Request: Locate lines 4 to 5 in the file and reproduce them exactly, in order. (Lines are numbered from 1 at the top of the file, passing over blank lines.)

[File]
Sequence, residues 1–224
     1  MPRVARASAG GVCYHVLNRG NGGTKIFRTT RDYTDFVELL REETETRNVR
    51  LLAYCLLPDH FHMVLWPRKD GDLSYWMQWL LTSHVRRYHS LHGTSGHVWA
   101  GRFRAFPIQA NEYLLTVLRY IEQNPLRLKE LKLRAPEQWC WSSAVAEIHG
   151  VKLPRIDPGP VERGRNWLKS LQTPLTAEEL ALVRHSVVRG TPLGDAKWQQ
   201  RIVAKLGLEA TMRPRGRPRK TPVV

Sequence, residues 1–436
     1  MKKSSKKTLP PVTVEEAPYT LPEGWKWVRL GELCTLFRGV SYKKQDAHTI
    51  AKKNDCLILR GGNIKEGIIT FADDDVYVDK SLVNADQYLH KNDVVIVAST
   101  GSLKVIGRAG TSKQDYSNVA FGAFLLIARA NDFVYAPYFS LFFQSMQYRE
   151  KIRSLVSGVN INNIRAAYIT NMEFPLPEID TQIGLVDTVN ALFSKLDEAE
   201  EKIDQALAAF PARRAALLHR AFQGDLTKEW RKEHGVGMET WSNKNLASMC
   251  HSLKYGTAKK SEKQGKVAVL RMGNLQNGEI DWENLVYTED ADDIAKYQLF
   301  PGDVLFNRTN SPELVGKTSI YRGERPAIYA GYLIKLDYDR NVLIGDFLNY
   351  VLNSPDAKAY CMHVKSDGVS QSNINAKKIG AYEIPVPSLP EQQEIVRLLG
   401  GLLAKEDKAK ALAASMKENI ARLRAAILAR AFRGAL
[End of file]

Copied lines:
   101  GRFRAFPIQA NEYLLTVLRY IEQNPLRLKE LKLRAPEQWC WSSAVAEIHG
   151  VKLPRIDPGP VERGRNWLKS LQTPLTAEEL ALVRHSVVRG TPLGDAKWQQ